Editor’s note: This article was initially published in The Daily Gazette, Swarthmore’s online, daily newspaper founded in Fall 1996. As of Fall 2018, the DG has merged with The Phoenix. See the about page to read more about the DG.
“I don’t care where love shows up, I’m gonna take it, and so should you … unless it’s a giraffe,” spoke RhapsodE, member of the Philadelphia-based Philly Spoken Soul Collective, at a performance this past Friday in honor of the Kathryn Morgan Poetry Fest.
A spoken word performer, RhapsodE has been featured nationwide at events including the Philadelphia International Arts Expo, the Minneapolis B Girl Be Festival, the Toronto Urban Music Festival, and venues such as The Black Lily, October Gallery, the Clef Club and World CafÃ© Live.
After a poetry reading by two Swarthmore students, Alaina Brown ’13 and Jacqueline Bailey-Ross ’12, RhapsodE entered, and her presence filled the stage. Her first piece began silently, marked only by movements as she cleaned the ground on which she would stand while singing for change to come. This act of cleaning was how she opened and closed the night.
From poems about love to poems about making mistakes, RhapsodE displayed a talent for transitioning between reciting her works and engaging in a comfortable dialogue with her audience. Elizabeth Bryant ’13 described the presence in RhapsodE creates: “Over the course of her performing this really rich atmosphere had built up in the room to a point where, at the end of the night, we were all so comfortable within this warm, familiar space that we had created.”
In the process of integrating her work as an artist with telling personal stories, RhapsodE explained that a motivation for her poetry was playing the role of a “big sister.” She said that she wanted to inspire others to learn to recover from making mistakes, and to use poetry to give voice to her own educational opportunities—the events she’s lived through, overcoming obstacles and the growth she has undergone.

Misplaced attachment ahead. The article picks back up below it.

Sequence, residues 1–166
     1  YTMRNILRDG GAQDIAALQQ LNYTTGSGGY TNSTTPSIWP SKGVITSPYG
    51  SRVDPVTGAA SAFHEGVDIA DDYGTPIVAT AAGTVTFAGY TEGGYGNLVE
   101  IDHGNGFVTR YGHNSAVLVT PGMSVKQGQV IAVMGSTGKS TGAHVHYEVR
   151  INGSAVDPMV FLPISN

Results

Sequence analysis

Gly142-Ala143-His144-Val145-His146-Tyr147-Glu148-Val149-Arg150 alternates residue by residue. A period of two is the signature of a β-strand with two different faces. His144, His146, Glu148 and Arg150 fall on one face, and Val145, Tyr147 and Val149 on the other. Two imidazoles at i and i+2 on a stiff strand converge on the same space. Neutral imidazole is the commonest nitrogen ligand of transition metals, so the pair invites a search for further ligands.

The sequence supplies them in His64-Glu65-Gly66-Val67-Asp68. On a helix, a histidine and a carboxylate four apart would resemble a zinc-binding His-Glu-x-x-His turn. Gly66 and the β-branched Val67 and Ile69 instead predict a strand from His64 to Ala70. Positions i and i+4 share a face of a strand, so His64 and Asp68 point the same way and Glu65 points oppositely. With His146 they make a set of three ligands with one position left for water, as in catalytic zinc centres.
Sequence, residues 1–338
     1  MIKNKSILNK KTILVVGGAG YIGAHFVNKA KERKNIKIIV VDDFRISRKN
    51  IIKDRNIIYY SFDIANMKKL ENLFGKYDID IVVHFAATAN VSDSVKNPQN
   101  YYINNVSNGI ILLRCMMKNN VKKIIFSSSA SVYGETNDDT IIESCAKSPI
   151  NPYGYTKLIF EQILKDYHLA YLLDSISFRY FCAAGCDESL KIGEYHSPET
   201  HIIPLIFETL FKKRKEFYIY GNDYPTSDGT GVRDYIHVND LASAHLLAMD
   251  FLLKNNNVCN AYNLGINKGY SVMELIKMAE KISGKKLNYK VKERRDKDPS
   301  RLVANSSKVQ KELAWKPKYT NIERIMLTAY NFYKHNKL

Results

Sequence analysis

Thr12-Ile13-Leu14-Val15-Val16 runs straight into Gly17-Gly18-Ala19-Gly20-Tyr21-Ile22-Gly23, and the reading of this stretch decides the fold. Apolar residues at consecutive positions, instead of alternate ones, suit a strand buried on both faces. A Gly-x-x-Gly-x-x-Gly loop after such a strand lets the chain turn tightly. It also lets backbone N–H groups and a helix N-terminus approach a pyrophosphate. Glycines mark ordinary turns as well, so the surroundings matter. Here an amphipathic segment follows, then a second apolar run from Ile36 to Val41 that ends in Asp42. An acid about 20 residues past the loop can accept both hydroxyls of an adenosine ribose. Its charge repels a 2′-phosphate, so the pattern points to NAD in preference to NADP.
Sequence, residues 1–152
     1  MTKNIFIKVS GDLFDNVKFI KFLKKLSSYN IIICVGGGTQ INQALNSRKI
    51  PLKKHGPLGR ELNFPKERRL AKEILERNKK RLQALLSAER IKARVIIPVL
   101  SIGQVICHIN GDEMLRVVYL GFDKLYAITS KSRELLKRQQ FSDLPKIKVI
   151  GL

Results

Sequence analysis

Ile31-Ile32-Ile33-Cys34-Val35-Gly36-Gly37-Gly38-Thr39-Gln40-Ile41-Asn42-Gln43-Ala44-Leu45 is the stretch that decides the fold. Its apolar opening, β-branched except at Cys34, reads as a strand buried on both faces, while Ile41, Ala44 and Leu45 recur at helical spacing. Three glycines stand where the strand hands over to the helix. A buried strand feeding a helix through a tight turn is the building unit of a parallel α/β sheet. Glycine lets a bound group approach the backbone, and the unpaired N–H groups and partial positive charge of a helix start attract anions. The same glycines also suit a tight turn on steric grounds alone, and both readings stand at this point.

Several pieces performed intended to capture RhapsodE’s views of her femininity. Growing up with five sisters, her mother and four aunts, she watched them grow, stumble and make mistakes, living all their pains through them in order to avoid those very same mistakes. RhapsodE performed pieces highlighting the issues of being a woman, and understanding one’s own value so as to never be trampled upon. Through this, RhapsodE formed a bond with her audience: “I still love love” she said as she has loved and learned and will love again, encouraging her listeners to do the same. “I wrote this poem as much for me as I did for you”.
“It wasn’t like your typical poetry reading where there are all these emotions you feel for a certain line, but you [feel you] have to restrain yourself from reacting, or even clapping at the end. With RhapsodE, the audience was engaged. She wanted to hear your reactions,” Bryant said.
As RhapsodE performed, she combined the two loves of her life: writing and theater. She narrated her experience discovering spoken word, after attending and performing at open mic nights, to relay the message that “some things in life change you; you find it and you would do it without being paid.” From narrating her first witnessing of spoken word to the naming of herself “RhapsodE” to the incredible experience of finding the words for a performance in her dream, she tried to inspire her listeners to fulfill their passion. “That’s how I know where my gift comes from, that’s how I know I don’t do this alone,” she said.
In her final poem, RhapsodE asked the audience to close their eyes and sing with her. “I want to be whole, I gotta be whole,” she sang, offering a resounding communal chant as a parting gift.